Sunday, April 29, 2007

Couple of news items

I have an interview with Hawkwind's Alan Davey available in the latest edition of Aural Innovations, available here and promoting Alan's new solo album..

I'm also scheduled to appear on BBC Radio Scotland's Radio Cafe programme sometime after 1.15pm on Tuesday 1st May to talk about Strange Boat. Aside from being broadcast across Scotland, it'll be on-line and on 'listen again' for the following week.

Wednesday, April 18, 2007

Human on the Outside, with a Wooden Heart

Sometimes it's like the postman never stops stuffing parcels through the letterbox - and very welcome these deliveries are as well!

I was delighted to receive a package from Hawkwind's Alan Davey containing not only a copy of his wonderful new solo album, Human on the Outside, but also his Bedouin side-project's studio album As Above, So Below and Voiceprint Records' recent release of the Bedouin live album Extremely Live - 2003. It's really great to see so much of Alan's solo work being made available at the moment. Aside from the live Bedouin, Voiceprint have also reissued his earlier solo offerings Captured Rotation and Bedouin - but the icing on the cake is really the new album, which Alan has taken the plunge and released himself. It's an extremely well-presented fold-out package, with suitably psychedelic by long-time Hawkwind fan Kevin Sommers and the music contain within is some of Alan's finest work. In fact, it's not unfair to say that this album has really elevated his work to a new standard - a wide ranging vista of spacerock and cinematic boldness that is imaginative and intentive. I talked to Alan recently for an interview for the excellent website Aural Innovations which principally focused on his work outside of Hawkwind, and hopefully this'll be appearing sometime in May.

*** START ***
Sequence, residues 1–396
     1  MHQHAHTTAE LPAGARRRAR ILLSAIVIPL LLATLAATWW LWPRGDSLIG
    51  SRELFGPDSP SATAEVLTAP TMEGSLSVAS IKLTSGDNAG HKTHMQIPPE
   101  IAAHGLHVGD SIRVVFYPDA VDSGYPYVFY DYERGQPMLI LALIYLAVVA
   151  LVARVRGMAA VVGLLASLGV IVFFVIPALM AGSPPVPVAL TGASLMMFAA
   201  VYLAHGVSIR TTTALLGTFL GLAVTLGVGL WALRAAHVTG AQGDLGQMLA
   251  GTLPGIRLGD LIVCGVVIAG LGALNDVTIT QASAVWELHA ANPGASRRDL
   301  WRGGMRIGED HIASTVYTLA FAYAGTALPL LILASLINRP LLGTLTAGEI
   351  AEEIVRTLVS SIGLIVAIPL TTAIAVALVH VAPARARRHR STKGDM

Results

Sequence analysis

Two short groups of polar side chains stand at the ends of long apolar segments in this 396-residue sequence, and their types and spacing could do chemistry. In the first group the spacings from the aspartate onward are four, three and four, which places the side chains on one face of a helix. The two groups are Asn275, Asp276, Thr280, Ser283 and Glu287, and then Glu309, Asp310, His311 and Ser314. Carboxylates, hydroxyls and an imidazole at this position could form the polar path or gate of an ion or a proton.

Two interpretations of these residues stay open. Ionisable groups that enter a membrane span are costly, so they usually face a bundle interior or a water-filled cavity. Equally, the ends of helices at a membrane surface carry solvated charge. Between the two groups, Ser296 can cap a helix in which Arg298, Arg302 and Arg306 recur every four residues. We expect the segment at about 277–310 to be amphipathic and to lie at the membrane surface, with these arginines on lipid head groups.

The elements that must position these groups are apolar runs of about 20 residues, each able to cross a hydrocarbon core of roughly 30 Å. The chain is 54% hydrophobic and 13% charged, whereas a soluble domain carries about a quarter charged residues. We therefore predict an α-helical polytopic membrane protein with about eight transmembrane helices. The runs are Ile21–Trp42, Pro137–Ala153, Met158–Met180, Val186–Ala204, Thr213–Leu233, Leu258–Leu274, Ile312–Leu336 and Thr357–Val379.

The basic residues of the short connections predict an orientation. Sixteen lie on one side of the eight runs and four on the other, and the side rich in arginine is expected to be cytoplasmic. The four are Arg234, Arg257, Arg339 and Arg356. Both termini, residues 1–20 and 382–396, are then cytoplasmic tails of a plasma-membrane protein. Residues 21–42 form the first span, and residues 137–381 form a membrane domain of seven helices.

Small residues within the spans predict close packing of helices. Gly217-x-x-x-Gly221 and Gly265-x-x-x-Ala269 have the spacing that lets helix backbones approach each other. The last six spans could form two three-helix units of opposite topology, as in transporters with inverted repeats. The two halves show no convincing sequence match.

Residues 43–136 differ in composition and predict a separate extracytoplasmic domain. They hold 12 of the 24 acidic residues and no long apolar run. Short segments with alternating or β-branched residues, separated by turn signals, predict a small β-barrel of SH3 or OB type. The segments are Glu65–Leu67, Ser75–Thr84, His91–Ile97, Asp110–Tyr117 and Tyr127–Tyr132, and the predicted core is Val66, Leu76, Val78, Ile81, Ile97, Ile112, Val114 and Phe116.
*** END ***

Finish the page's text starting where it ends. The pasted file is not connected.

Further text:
Next postal visit and I was chuffed to have been sent a copy of my old mate Martin Day's latest Doctor Who novel, Wooden Heart. I've really loved his earlier Who work, his novels with Keith Topping (Devil Goblins from Neptune and Hollow Men) and his solo books, particularly Bunker Soldiers from a few years back and I'd love to be able to comment right now on his new one. Unfortunately, unlike the old days when Doctor Who was, let's be honest, a little bit of a joke to the public en-masse, Who is everyone's favourite show and my three boys are absolutely no exception ... so as far as Marty's book, and anything else Who related, is concerned, it's take a ticket and await your turn. So I'm fourth in the queue and cannot possibly pass on my own comments on the text just yet!